In foregoing discussion, various components were described as combinations of hardware and programming. Such components may be implemented in a number of fashions. One example is depicted in FIG. 3 where, in addition to screen 18 and camera 26, device 12 is shown to include interface 44, processor 46 and memory 48. Interface 44 represents hardware that device 12 can use to communicate data to and from graphic service 14 via link 16. Such communications may, for example, employ a wireless protocol.

Processor 46 represents generally any device for executing program instructions stored in memory 48. Memory 48 represents generally any memory configured to store data and program instructions (programming) that, when executed, cause processor 48 to implement the functionality of engines 28-34 of FIG. 2. Thus, the hardware portions of engines 28-34 may be implemented though processor 46. The programming elements may be instructions stored in memory 48.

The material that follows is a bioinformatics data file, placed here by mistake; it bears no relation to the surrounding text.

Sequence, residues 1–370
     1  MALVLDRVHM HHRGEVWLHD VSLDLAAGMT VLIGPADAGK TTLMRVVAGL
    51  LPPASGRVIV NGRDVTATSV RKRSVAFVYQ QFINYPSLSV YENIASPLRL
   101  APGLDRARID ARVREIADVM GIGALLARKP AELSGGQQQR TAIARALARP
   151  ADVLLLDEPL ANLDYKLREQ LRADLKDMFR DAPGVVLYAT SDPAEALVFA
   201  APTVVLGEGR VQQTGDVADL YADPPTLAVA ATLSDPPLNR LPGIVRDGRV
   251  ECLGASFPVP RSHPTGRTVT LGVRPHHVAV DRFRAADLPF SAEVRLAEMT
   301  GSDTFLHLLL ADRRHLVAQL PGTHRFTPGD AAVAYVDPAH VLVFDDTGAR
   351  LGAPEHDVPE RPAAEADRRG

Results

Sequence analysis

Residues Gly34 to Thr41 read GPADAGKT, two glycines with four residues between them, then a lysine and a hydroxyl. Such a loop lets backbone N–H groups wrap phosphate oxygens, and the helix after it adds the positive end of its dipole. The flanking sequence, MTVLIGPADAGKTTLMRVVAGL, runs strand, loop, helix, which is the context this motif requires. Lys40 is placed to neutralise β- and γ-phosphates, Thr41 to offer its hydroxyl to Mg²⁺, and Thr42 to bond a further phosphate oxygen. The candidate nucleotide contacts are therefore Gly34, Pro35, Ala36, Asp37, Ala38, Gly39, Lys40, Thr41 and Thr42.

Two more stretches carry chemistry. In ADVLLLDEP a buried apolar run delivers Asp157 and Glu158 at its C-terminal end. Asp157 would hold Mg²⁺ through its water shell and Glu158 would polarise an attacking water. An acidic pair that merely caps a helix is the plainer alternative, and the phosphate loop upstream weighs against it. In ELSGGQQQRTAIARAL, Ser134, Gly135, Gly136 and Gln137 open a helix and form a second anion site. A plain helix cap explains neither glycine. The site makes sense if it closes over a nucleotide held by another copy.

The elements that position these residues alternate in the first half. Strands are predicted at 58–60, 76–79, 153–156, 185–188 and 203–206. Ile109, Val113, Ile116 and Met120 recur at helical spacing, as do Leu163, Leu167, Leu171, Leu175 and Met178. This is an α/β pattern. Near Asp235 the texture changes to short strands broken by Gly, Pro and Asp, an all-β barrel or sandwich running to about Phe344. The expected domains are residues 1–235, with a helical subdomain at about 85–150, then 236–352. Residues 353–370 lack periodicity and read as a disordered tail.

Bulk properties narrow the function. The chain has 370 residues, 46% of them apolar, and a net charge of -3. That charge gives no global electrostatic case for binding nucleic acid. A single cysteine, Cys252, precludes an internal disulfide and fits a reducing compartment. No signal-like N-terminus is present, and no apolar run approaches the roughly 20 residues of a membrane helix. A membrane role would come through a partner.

Graphic service 14, in FIG. 3, is shown to include interface 50, processor 52, and memory 54. Interface 50 represents hardware that graphic service 14 can use to communicate data to and from device 12 via link 16. Processor 52 represents generally any device for executing program instructions stored in memory 54. Memory 54 represents generally any memory configured to store data and program instructions (programming) that, when executed, cause processor 52 to implement the functionality of job engine 36 of FIG. 2. Thus, the hardware portion of job engine 36 may be implemented though processor 52. The programming elements may be instructions stored in memory 54.

Memory 54 may further function as graphic store, 38, job store 40, and application store 42. As previously discussed, application store 42 may maintain an installation package for an application or applications that when installed on device 12 and executed by processor 46 enables device 12 to function as a system that includes engines 28-34 of FIG. 2.

Operation: